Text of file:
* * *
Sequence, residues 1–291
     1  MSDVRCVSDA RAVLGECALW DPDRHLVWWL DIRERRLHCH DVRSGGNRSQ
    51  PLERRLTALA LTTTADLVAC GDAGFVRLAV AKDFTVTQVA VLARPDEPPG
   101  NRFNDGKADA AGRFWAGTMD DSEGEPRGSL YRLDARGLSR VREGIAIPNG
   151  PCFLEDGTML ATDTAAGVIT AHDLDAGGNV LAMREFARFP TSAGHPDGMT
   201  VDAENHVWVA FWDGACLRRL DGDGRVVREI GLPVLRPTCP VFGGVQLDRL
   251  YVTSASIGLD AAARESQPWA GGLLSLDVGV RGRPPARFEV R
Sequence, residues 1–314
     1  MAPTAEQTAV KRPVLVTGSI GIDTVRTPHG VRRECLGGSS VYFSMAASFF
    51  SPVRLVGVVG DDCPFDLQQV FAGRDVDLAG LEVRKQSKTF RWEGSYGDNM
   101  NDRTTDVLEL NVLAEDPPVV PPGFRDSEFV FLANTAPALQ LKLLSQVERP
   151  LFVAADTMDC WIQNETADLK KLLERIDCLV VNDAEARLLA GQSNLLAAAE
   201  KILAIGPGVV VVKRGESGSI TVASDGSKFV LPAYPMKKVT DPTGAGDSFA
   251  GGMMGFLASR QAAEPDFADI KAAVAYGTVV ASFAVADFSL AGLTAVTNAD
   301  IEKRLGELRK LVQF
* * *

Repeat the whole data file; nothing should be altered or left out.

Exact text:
Sequence, residues 1–291
     1  MSDVRCVSDA RAVLGECALW DPDRHLVWWL DIRERRLHCH DVRSGGNRSQ
    51  PLERRLTALA LTTTADLVAC GDAGFVRLAV AKDFTVTQVA VLARPDEPPG
   101  NRFNDGKADA AGRFWAGTMD DSEGEPRGSL YRLDARGLSR VREGIAIPNG
   151  PCFLEDGTML ATDTAAGVIT AHDLDAGGNV LAMREFARFP TSAGHPDGMT
   201  VDAENHVWVA FWDGACLRRL DGDGRVVREI GLPVLRPTCP VFGGVQLDRL
   251  YVTSASIGLD AAARESQPWA GGLLSLDVGV RGRPPARFEV R
Sequence, residues 1–314
     1  MAPTAEQTAV KRPVLVTGSI GIDTVRTPHG VRRECLGGSS VYFSMAASFF
    51  SPVRLVGVVG DDCPFDLQQV FAGRDVDLAG LEVRKQSKTF RWEGSYGDNM
   101  NDRTTDVLEL NVLAEDPPVV PPGFRDSEFV FLANTAPALQ LKLLSQVERP
   151  LFVAADTMDC WIQNETADLK KLLERIDCLV VNDAEARLLA GQSNLLAAAE
   201  KILAIGPGVV VVKRGESGSI TVASDGSKFV LPAYPMKKVT DPTGAGDSFA
   251  GGMMGFLASR QAAEPDFADI KAAVAYGTVV ASFAVADFSL AGLTAVTNAD
   301  IEKRLGELRK LVQF